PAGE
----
‘Poop Transplants’ Effective In Treating Intestinal Bacterial Infection

'Poop Transplants' Effective In Treating Intestinal Bacterial Infection“Poop transplants” are an effective way to treat people with one type of intestinal bacteria infection, a new study shows.

Researchers transplanted fecal matter fr0m healthy people into the colons of people infected with the notoriously hard-to-treat Clostridium difficile bacteria, which causes severe, watery diarrhea. The researchers found that 46 out of 49 patients got better within a week of the treatment. The transplant works because stool from healthy people, when mixed with warm water and delivered via a tube into patients’ colons, helps re-establish the normal balance of bacteria in the intestine.

‘People die from this’

“C. diff is a serious infection — people die from this. With this treatment, the cure rate is close to 100 percent,” said study researcher Dr. Mayur Ramesh, an infectious disease physician at Henry Ford Hospital in Detroit.


C. diff infections are linked to 14,000 deaths in the U.S. yearly, according to the Centers for Disease Control and Prevention. It’s believed that antibiotics may disrupt the normal balance of bacteria species in the intestine, giving C. diff bacteria a chance to thrive.  Patients with C. diff infections are typically treated with the antibiotics metronidazole or vancomycin; however, these drugs don’t work for everyone, the researchers said. In severe cases, patients may need surgery to remove the infected parts of their intestines.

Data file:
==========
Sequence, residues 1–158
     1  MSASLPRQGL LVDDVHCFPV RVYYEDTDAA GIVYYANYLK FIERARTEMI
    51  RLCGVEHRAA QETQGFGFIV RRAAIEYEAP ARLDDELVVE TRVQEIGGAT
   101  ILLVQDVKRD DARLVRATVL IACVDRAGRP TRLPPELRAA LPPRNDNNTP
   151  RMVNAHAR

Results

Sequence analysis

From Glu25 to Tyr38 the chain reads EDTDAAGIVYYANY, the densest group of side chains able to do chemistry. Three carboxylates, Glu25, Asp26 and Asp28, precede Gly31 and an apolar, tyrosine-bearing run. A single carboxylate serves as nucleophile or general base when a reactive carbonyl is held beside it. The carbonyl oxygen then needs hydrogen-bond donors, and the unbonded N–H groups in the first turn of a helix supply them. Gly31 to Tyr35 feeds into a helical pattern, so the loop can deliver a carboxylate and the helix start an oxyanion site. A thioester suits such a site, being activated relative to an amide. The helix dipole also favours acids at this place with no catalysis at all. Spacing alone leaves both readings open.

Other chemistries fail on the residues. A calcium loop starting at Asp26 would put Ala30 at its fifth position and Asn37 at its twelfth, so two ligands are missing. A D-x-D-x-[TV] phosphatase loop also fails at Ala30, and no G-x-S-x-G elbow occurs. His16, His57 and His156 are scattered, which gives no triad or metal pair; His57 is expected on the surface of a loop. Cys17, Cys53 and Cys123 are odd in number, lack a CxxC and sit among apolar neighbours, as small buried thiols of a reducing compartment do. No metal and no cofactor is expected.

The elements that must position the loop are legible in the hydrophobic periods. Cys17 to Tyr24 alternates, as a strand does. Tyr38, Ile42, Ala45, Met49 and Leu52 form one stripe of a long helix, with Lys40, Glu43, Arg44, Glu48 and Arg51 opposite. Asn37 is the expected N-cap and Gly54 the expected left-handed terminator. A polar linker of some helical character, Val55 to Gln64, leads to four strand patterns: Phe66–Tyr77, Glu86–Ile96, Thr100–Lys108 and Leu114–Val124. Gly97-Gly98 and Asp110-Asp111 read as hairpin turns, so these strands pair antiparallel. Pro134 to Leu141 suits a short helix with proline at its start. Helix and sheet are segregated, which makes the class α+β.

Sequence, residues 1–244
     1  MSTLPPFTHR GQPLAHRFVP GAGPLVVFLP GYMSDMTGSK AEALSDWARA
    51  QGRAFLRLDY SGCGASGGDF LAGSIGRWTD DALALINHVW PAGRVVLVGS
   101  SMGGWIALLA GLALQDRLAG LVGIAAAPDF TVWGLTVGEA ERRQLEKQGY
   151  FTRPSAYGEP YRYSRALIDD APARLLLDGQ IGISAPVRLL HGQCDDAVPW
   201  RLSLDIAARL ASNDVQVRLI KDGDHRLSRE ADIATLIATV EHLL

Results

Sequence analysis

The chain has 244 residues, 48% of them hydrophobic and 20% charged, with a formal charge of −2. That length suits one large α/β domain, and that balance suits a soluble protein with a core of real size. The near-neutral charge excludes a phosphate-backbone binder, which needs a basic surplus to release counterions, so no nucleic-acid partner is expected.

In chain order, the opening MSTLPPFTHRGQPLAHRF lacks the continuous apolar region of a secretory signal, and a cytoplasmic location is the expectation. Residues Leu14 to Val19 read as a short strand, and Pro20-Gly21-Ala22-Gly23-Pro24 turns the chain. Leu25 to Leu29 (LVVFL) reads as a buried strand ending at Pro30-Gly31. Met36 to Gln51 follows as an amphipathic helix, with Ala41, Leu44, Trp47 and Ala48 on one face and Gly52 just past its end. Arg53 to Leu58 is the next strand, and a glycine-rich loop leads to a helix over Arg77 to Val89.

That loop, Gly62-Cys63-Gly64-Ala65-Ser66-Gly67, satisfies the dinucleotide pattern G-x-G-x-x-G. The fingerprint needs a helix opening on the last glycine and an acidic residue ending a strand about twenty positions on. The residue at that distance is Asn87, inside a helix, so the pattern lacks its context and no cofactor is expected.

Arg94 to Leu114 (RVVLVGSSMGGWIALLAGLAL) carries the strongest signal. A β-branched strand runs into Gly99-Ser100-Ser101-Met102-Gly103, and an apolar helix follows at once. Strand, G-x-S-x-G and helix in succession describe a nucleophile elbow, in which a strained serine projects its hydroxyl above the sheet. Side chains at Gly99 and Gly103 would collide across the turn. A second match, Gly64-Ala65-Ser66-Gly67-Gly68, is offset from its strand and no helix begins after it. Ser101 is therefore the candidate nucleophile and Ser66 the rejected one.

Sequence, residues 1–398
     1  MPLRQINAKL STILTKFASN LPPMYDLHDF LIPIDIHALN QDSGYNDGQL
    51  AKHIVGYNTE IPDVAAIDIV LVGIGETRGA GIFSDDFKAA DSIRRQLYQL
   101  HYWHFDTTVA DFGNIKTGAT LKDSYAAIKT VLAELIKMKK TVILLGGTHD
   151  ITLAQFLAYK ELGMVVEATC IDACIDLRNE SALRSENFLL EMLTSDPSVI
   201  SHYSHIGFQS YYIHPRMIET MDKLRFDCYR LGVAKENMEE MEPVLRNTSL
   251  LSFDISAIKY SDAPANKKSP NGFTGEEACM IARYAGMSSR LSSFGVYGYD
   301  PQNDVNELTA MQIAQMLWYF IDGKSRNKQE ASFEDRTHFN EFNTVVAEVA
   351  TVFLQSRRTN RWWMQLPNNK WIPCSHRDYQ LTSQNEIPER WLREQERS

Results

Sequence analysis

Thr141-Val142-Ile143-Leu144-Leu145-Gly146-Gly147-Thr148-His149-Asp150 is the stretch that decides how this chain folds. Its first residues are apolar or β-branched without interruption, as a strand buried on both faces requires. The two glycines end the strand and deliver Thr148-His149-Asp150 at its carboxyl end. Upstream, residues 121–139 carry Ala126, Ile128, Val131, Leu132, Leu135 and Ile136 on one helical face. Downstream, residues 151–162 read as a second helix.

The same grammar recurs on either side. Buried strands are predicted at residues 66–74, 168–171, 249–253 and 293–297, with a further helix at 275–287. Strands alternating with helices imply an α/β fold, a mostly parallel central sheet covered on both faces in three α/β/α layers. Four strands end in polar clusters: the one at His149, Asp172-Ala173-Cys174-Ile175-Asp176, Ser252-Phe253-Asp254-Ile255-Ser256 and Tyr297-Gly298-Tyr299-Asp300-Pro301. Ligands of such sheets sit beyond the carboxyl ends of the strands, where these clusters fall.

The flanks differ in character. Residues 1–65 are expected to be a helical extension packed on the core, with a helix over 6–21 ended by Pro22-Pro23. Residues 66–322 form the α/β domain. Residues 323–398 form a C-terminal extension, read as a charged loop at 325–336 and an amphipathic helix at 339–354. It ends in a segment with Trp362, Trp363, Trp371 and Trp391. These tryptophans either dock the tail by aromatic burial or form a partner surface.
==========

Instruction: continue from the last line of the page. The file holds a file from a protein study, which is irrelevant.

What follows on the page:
‘Ick factor’

The patients were not much bothered by the possible ick factor of the treatment, Ramesh told MyHealthNewsDaily. “These patients, they suffer so much from their symptoms,” he said. “When I tell them about this treatment, they say, ‘wow, that makes sense, go ahead and do it.'”

Would you go for a “poop transplant” if your life depended on it? Feel free to share your thoughts and ideas with us!

Source: Yahoo News

Image: My Health News Daily

Study: Unused Paper Towels Still Contain Bacteria

Researchers say they’ve found bacteria, including some that are known to make people sick, in unused paper towels. They also found that those bacteria could be transferred to hands after washing. The study is published in the American Journal of Infection Control. It did not find any illnesses connected to paper towel use.

Experts say the findings are probably most important for people in hospital isolation units and those with weakened immune function who need to be extra cautious about contact with germs.

Researchers at Laval University in Canada tested six brands of commercial paper towels — the kind doled out in many public bathrooms. They found bacteria in all of them, but the towels made from recycled fibers were the most heavily contaminated. Bacterial slime is known to be a problem at recycled paper mills, where it corrodes machines and may damage finished paper sheets. Bacteria may thrive in recycled paper because it contains binding ingredients like starches and fillers that serve as food. Most of the bacteria found in paper towels were Bacillus bacteria. Many Bacilluss trains can produce toxins that cause food poisoning.

Until more is known, experts agree that this one study shouldn’t be a reason for healthy people to avoid paper towels. She says 20 seconds with soap and water is still the rule, especially after activities that dramatically increase exposure to germs, like handing raw meat. Golden says air dryers, if they’re available, may be the healthiest and most environmentally responsible option of all.

 

Source: WebMD.com

Image: Papertowelsz.com